That being said, she might enjoy David Guterson's book Family Matters. He was a teacher when he wrote the book and his wife was homeschooling their kids. It walks through the arguments against homeschooling from the perspective of someone who works in the school system and it is quite non-confrontational in its approach to dispelling some of the myths about homeschooling while still respecting the need for public education.

If she's worked in schools for 6 years she should be able to have some idea of how the school system can not meet the needs of every child. If she doesn't admit that then she isn't being honest with herself.

There was a long long discussion here with a teacher who was calling for more oversight of homeschoolers. Tonnes of interesting points on both sides.
There is a bit more discussion on that blog. Maybe you could pass it on to your friend and you could talk to her about it - assuming you want to get into philosophical discussions about educational theory.

good luck
Karen
post #20 of 28
Quote:
Originally Posted by WTHamI? View Post
What I WANTED to tell Mary is that I would have been crazy ticked off if it was my kid she was doing that with.
I would say exactly this, with a smile. If it opens up further conversation, I'd talk about why I wanted to hs and why such quizzing would bother me, offer some books or websites about hsing if she's open to learning more. Who knows what will happen 5, 6 years down the road--but if she's starts doing this kind of thing with your child, then I'd plainly ask her not to and suggest other ways she could relate to your child. It can all be phrased gently and sincerely.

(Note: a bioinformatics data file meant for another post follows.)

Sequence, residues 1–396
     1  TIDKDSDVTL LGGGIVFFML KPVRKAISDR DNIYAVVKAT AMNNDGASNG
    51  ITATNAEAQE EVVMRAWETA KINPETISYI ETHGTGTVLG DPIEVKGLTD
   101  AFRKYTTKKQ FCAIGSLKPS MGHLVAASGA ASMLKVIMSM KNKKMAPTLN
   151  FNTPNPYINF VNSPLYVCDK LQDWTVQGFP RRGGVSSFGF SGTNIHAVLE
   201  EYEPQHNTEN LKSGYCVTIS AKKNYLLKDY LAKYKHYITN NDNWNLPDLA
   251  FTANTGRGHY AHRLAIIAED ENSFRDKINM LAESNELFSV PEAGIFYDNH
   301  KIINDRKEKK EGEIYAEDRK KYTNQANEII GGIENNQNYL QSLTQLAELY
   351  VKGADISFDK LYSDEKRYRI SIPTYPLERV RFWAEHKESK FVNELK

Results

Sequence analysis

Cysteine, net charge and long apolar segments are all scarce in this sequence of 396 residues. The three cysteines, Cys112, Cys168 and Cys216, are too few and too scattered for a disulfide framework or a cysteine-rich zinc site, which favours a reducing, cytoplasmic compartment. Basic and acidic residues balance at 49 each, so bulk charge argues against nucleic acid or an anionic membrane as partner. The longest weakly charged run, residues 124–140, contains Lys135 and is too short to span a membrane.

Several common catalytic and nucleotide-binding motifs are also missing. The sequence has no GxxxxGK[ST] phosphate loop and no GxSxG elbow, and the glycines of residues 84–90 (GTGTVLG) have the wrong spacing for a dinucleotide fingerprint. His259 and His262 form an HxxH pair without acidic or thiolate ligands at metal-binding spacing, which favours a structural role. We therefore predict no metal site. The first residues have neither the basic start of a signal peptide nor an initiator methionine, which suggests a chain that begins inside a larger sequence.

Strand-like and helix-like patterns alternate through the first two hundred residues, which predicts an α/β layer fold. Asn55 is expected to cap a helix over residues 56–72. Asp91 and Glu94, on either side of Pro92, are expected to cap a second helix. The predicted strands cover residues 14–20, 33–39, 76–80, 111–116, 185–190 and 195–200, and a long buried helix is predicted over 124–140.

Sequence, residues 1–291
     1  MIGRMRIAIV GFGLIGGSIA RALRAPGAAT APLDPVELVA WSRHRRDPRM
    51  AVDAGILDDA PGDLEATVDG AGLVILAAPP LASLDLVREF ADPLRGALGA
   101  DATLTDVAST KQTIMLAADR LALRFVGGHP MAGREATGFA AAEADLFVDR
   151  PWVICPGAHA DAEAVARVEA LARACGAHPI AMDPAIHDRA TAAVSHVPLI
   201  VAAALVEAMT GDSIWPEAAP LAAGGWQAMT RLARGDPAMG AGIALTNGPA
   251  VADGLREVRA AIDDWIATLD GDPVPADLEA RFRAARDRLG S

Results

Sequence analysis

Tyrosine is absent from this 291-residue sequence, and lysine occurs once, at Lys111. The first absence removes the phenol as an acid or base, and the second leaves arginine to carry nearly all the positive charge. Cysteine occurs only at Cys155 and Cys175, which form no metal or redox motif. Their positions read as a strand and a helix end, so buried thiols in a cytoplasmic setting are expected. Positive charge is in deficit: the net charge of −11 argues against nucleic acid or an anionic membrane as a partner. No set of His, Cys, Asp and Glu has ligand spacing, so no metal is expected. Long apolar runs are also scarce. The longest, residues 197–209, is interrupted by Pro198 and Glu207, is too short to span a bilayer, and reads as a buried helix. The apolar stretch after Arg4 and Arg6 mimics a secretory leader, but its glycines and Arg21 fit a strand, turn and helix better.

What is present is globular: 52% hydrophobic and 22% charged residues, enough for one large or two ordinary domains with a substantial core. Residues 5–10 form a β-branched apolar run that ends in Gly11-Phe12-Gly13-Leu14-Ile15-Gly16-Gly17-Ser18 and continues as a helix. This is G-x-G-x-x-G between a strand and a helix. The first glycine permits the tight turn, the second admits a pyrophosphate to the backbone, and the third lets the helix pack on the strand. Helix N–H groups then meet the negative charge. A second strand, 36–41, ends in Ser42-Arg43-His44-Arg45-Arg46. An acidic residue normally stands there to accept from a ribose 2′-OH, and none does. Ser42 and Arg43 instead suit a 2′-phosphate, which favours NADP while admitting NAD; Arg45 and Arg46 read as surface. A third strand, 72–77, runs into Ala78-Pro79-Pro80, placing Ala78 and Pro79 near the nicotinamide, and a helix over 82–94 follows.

Quote:
Originally Posted by WTHamI? View Post
...and ultimately the real current issue is the way she is alienating herself from her other friends who currently homeschool by doing the things I mentioned above...
And that is between THEM. I wouldn't step in the middle of that. First, you're not there to witness all of their interactions and you don't know what each of them is thinking or feeling. They can speak for themselves, or choose not to. Either way, I'd step away from it and let them handle it.